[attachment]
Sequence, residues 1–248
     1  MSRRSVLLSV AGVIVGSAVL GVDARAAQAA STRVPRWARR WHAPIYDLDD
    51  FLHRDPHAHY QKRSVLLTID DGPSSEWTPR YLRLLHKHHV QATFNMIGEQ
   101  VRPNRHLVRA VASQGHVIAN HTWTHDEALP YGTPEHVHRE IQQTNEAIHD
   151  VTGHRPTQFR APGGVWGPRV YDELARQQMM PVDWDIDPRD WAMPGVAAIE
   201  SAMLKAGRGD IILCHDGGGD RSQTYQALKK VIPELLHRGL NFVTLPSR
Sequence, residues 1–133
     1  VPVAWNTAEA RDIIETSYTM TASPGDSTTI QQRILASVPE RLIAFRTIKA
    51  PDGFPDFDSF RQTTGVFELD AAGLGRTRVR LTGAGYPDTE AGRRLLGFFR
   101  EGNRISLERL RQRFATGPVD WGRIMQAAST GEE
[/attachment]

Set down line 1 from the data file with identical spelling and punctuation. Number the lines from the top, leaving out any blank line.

Sequence, residues 1–248